is displayed.

Likely causes follow:

• No path/wrong path; a path to the symbol files has not been set or the path is incorrect (look for typos such as a blank white space). Check the Symbol Path.

• Failed connection; check your Internet connection to make sure it is working properly.

• Access blocked; a firewall blocked access to the symbol files or the files were damaged during retrieval. See that no firewall is blocking access to msdl.microsoft.com (it may only be allowing access to www.microsoft.com).

Note that if a firewall initially blocks WinDbg from downloading a symbol table, it can result in a corrupted file. If unblocking the firewall and attempting to download the symbol file again does not work; the file remains damaged. The quickest fix is to close WinDbg, delete the symbols folder (which you most likely set at c:\symbols), and unblock the firewall. Next, reopen WinDbg and a dump file. The debugger will recreate the folder and re-download the symbols.

Do not go further with your analysis until this is corrected.

If you see the following error, no worries:

*** WARNING: Unable to verify timestamp for myfault.sys

*** ERROR: Module load completed but symbols could not be loaded for myfault.sys

Windows 8

WinDbg automatically suggests the culprit as shown.

This means that the debugger was looking for information on myfault.sys. However, since it is a third-party driver, there are no symbols for it, since Microsoft does not store all of the third-party drivers. The point is that you can ignore this error message. Vendors do not typically ship drivers with symbol files and they aren’t necessary to your work; you can pinpoint the problem driver without them.
So, what caused the crash?

As mentioned above, when you open a dump file with WinDbg it automatically runs a basic analysis that will often nail the culprit without even giving the debugger any direct commands as shown in the screen where it says “Probably caused by : myfault.sys”

More information

Getting a little more information about the crash event and the suspect module is easy. Often, all you need is two commands among the hundreds that the rather powerful debugger offers:

!analyze -v

and

lmvm.

A new way to command WinDbg

Normally, you would type in the commands and parameters you need. Things have changed, however, and Windows too. If you take a good look at the WinDbg interface, just below the “Bugcheck Analysis” box, it says “Use !analyze -v to get detailed debugging information” and that the command is underlined and in blue. Yes, it’s a link. Just touch it and the command will be run for you. But, in case you don’t have a touch screen, a mouse will work fine or resort to the traditional method of typing the command into the window at the bottom of the interface where you see the prompt “kd>” (which stands for “kernel debugger”). Be sure to do it precisely; this is a case where syntax is key. For instance, note the space between the command and the “-v”. The “v” or verbose switch tells WinDbg that you want all the details. You can do the same where you see the link for myfault which will display metadata for the suspect driver.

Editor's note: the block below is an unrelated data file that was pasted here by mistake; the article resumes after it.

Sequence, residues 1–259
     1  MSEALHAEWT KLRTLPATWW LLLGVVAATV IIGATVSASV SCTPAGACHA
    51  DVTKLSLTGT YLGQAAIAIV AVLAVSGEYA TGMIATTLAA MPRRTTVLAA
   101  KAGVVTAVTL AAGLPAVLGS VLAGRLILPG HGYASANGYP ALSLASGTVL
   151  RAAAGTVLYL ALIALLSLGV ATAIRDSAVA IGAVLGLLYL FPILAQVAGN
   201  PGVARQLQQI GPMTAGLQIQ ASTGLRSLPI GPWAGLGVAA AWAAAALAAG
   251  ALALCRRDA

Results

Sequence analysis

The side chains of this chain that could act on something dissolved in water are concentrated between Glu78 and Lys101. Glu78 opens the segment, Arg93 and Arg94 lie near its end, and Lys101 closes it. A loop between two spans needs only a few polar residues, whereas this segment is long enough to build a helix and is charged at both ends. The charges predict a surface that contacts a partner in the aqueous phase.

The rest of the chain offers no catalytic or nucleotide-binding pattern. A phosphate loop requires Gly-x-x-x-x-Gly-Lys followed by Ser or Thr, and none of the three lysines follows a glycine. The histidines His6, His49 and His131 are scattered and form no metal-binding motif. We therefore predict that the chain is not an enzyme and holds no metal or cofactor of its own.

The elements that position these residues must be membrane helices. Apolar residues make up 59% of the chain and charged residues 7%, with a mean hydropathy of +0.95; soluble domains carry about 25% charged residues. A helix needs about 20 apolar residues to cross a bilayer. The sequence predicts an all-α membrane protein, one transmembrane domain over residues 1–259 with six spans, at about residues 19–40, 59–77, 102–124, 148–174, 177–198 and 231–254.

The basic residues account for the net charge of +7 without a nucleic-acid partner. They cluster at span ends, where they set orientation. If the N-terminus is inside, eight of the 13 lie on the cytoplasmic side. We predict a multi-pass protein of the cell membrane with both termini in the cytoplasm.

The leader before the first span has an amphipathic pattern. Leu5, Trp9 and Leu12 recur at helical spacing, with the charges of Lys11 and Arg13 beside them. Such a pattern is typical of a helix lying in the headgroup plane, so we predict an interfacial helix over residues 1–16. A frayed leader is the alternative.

Output from !analyze -v

The analysis provided by !analyze -v is a combination of English and programmer-speak, but it is nonetheless a great start. In fact, in many cases you will not need to go any further. If you recognize the cause of the crash, you’re probably done.

Output from !analyze -v

Windows 8

The !analyze -v command reveals the cause of the crash and the likely culprit.

The !analyze -v provides more detail about the system crash. In this case it accurately describes what the test driver (myfault.sys) was instructed to do; to access an address at an interrupt level that was too high.

Analysis

DRIVER_IRQL_NOT_LESS_OR_EQUAL (d1)

An attempt was made to access a pageable (or completely invalid) address at an interrupt request level (IRQL) that is too high. This is usually caused by drivers using improper addresses.

Under Debugging Details the report suggests that the problem was a “WIN_8_DRIVER_FAULT” and that NotMyFault.exe was active.

Stack dump

An important feature of the debugger’s output using !analyze -v is the stack text. Whenever looking at a dump file always look at the far right end of the stack for any third-party drivers. In this case we would see myfault. Note that the chronologic sequence of events goes from the bottom to the top; as each new task is performed by the system it shows up at the top. In this rather short stack you can see that myfault was active, then a page fault occurred, and the system declared a BugCheck, which is when the system stopped (Blue Screened).

One way to look at this is that when you see a third-party driver active on the stack when the system crashed, it is like walking into a room and finding a body on the floor and someone standing over it with a smoking gun in his hand; it doesn’t mean that he is guilty but makes him suspect No.1.

Output from lmvm (or by selecting myfault)